The Lancet on 9 December 2000, published an article entitled "Rewriting the regulations: how the World Trade Organization could accelerate privatization in health-care systems". In addition to many other inaccuracies, the article says that:
"Article VI:4 of the GATS is being strengthened with the aim of requiring Member States to show that they are employing least trade-restrictive policies. The legal tests under consideration would outlaw the use of non-market mechanisms such as cross-subsidization, universal risk pooling, solidarity, and public accountability in the design, funding and delivery of public services as being anti-competitive and restrictive to trade."
This is a false account of the work on domestic regulation, seriously misleading in three respects. First, Member Governments will not have to submit regulations to the WTO for approval. Nor will they have to show that they are employing least-trade-restrictive practices, unless asked to justify a specific regulation in the event of a dispute with another Government. Second, none of the measures said to be at risk of being "outlawed" has ever been considered or even mentioned in the Article VI:4 negotiations. This is not surprising since the negotiations under Article VI:4 are confined to qualification requirements and procedures, technical standards and licensing requirements. The "legal tests" applicable to these are that they should be based on objective and transparent criteria, should be not more burdensome than necessary to ensure the quality of the service and, in the case of licensing procedures, that they should not in themselves be a restriction on the supply of the service. None of this applies to the measures cited, and there are no disciplines in the GATS on subsidies beyond that mentioned on page 9 above. Third, services supplied in the exercise of governmental authority are in any case outside the scope of the Agreement, and no disciplines which might be developed on domestic regulations would apply to them. Following is the text of Article VI:4 which contains the mandate for the work on domestic regulation.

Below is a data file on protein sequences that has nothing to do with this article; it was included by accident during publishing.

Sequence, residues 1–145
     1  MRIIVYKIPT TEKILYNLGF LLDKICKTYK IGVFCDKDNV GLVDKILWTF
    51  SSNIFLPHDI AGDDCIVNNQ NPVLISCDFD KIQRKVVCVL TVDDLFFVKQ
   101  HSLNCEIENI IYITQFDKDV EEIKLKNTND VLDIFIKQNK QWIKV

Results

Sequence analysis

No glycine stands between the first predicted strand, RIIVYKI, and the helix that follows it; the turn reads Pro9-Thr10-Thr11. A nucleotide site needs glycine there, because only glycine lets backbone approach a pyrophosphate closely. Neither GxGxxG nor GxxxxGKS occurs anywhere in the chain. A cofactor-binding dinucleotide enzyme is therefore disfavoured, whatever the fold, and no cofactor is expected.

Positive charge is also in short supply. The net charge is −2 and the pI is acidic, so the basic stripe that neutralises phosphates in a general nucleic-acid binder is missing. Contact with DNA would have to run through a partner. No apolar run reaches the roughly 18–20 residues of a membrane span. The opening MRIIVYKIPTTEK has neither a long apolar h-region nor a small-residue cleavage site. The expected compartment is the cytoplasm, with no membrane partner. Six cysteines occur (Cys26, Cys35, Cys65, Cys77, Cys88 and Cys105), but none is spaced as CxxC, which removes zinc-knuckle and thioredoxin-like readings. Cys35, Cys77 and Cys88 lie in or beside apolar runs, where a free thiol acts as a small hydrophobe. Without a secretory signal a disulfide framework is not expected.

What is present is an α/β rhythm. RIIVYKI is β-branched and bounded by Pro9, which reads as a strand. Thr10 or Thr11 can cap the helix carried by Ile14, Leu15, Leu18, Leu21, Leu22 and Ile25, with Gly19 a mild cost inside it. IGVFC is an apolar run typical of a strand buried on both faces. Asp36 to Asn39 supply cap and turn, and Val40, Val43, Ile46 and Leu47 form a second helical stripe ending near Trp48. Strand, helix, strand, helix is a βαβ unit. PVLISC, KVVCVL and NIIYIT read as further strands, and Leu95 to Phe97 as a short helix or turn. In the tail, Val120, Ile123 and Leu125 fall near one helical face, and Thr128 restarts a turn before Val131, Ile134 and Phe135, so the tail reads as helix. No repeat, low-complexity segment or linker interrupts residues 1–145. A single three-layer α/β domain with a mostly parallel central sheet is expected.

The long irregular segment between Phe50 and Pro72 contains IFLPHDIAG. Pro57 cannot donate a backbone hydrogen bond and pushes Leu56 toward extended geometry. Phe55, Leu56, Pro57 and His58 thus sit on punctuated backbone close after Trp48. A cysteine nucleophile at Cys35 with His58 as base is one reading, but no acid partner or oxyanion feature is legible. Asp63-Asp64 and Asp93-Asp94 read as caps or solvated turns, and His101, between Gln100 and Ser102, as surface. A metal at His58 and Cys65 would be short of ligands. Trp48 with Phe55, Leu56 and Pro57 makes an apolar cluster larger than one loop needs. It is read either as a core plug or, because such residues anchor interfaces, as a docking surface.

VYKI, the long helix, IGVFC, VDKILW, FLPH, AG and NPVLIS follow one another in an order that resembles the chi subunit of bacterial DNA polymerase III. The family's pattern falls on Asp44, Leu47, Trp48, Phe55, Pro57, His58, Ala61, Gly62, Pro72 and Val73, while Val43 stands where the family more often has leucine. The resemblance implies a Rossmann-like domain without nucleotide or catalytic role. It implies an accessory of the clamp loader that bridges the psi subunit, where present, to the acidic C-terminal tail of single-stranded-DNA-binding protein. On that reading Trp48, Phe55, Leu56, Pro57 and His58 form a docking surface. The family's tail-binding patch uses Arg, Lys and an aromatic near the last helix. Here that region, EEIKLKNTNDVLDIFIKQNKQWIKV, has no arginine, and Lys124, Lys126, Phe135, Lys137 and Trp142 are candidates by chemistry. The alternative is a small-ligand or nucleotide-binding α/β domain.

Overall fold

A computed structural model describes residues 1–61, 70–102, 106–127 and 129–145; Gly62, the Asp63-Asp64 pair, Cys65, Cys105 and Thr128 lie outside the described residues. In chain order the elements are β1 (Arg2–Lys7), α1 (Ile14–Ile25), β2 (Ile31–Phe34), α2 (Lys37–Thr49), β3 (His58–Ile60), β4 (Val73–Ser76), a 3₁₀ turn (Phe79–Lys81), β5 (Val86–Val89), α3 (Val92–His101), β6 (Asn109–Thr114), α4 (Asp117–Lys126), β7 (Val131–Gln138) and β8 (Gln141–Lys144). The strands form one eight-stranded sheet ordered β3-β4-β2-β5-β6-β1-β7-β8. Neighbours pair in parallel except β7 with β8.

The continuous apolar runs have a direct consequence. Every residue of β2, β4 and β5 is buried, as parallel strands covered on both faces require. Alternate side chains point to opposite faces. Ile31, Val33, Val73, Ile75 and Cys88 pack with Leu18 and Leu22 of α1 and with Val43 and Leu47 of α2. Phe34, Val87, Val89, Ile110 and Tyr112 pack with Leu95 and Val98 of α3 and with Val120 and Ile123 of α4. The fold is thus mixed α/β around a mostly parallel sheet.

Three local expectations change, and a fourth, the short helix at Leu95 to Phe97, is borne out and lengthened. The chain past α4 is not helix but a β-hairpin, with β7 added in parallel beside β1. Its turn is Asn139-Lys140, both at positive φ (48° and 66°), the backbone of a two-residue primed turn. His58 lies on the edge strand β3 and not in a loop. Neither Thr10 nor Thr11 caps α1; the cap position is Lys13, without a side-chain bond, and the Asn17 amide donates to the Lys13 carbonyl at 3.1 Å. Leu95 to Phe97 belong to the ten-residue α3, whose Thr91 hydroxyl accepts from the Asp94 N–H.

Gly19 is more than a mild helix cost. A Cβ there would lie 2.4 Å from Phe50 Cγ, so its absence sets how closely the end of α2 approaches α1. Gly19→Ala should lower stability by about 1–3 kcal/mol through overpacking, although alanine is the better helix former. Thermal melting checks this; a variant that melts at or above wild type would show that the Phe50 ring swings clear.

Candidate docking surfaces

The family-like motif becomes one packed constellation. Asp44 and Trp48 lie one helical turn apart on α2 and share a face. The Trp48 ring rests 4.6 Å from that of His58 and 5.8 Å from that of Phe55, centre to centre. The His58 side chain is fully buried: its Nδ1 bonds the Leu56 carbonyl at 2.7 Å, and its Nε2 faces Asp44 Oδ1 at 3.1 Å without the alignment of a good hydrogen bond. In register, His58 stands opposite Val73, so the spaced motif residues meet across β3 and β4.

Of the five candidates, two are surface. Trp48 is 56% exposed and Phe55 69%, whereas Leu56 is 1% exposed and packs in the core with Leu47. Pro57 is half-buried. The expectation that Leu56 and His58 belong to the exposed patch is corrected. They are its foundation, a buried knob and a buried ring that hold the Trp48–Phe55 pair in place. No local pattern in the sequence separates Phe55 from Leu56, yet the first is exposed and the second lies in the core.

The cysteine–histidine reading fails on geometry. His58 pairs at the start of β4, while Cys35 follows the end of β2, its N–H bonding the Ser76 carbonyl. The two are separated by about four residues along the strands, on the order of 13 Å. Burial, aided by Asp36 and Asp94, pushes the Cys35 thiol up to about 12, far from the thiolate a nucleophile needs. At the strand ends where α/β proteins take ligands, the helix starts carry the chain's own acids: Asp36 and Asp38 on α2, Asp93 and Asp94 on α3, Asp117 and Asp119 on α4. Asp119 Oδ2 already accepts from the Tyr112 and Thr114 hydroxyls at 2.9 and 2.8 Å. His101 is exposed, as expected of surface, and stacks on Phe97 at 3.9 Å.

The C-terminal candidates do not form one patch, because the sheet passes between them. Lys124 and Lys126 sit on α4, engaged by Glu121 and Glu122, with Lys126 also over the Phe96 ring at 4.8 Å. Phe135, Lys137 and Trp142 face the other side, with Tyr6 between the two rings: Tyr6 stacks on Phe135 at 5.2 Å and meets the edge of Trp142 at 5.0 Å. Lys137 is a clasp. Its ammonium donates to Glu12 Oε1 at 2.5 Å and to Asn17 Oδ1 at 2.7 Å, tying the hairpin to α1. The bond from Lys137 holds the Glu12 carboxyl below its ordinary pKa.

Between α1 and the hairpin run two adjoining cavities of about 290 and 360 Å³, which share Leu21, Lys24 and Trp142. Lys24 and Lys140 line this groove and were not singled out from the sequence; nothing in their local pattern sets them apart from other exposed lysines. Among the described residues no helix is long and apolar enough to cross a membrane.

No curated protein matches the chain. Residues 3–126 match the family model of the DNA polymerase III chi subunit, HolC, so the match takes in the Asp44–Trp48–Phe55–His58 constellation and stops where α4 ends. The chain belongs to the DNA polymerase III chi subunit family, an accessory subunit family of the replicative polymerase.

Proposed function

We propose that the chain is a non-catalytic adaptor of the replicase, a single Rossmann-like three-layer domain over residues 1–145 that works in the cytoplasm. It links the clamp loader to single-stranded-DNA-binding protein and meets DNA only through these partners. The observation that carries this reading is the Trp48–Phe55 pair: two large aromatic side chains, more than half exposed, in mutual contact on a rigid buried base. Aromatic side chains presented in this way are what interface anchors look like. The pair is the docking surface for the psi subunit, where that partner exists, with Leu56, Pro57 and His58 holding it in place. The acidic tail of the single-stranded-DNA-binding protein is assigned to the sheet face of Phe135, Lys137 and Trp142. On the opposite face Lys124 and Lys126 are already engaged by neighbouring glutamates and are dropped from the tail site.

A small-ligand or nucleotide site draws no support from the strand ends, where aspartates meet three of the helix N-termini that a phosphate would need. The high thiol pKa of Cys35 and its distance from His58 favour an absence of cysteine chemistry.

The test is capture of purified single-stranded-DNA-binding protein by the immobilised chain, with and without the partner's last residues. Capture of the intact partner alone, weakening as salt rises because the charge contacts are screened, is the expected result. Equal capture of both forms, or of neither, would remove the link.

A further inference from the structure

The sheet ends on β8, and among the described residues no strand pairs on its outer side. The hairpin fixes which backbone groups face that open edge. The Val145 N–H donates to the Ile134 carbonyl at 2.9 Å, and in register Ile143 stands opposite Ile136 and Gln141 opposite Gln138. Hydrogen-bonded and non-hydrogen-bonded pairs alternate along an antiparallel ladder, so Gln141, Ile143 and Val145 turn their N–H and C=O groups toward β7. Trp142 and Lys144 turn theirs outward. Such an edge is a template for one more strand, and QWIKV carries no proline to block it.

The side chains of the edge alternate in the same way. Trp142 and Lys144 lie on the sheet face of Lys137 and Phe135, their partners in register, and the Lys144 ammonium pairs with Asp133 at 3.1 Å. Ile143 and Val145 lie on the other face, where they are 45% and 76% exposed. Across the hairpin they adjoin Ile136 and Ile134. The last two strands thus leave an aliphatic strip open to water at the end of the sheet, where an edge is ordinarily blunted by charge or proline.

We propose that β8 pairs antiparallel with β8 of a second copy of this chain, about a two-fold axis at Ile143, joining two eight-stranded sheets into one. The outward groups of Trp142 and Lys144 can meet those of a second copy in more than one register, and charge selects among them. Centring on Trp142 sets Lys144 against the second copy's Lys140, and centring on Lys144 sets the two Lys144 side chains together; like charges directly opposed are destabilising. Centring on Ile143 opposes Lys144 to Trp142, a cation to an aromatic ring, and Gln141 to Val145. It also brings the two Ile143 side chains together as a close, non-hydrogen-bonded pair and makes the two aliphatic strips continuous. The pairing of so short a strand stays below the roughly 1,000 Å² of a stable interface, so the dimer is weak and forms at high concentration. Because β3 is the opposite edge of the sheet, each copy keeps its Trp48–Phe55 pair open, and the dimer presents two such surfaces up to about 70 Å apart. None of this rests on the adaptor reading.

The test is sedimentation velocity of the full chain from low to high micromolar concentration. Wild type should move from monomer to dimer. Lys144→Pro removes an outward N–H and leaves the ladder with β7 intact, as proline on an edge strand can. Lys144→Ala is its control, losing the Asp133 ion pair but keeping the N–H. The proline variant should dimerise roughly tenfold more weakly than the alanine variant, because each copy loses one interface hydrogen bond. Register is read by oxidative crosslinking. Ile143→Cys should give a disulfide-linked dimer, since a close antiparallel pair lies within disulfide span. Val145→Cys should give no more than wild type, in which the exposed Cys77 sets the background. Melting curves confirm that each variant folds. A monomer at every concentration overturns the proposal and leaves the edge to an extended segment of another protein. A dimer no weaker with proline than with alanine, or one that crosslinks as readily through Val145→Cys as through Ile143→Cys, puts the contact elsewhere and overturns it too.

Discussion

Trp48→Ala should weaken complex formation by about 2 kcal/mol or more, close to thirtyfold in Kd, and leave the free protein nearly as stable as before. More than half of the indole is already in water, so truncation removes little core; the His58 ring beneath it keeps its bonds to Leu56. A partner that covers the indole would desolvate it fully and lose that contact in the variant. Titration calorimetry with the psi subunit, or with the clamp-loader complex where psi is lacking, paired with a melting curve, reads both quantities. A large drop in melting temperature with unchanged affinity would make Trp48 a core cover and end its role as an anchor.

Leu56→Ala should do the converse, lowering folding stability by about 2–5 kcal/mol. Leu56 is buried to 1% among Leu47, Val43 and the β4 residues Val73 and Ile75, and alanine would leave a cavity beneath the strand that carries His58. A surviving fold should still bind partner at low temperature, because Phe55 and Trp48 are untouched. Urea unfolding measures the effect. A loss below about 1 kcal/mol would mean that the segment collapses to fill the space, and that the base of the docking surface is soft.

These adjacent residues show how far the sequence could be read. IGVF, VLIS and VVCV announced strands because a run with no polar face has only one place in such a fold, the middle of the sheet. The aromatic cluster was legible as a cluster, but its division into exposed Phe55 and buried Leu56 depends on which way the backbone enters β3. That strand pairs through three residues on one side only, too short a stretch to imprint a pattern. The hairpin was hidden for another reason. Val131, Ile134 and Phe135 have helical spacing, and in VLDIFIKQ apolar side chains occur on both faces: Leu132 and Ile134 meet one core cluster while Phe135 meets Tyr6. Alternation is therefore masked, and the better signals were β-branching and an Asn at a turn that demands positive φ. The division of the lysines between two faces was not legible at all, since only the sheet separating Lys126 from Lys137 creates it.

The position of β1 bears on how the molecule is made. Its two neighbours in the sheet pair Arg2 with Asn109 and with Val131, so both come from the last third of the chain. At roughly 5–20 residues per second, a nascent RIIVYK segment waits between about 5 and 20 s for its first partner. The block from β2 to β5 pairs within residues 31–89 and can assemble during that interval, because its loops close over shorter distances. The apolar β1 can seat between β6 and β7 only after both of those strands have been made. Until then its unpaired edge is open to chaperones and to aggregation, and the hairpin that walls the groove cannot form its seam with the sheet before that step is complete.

With a view to ensuring that measures relating to qualification requirements and procedures, technical standards and licensing requirements do not constitute unnecessary barriers to trade in services, the Council for Trade in Services shall, through appropriate bodies it may establish, develop any necessary disciplines. Such disciplines shall aim to ensure that such requirements are, inter alia:
(a) based on objective and transparent criteria, such as competence and the ability to supply the service;
(b) not more burdensome than necessary to ensure the quality of the service;
(c) in the case of licensing procedures, not in themselves a restriction on the supply of the service.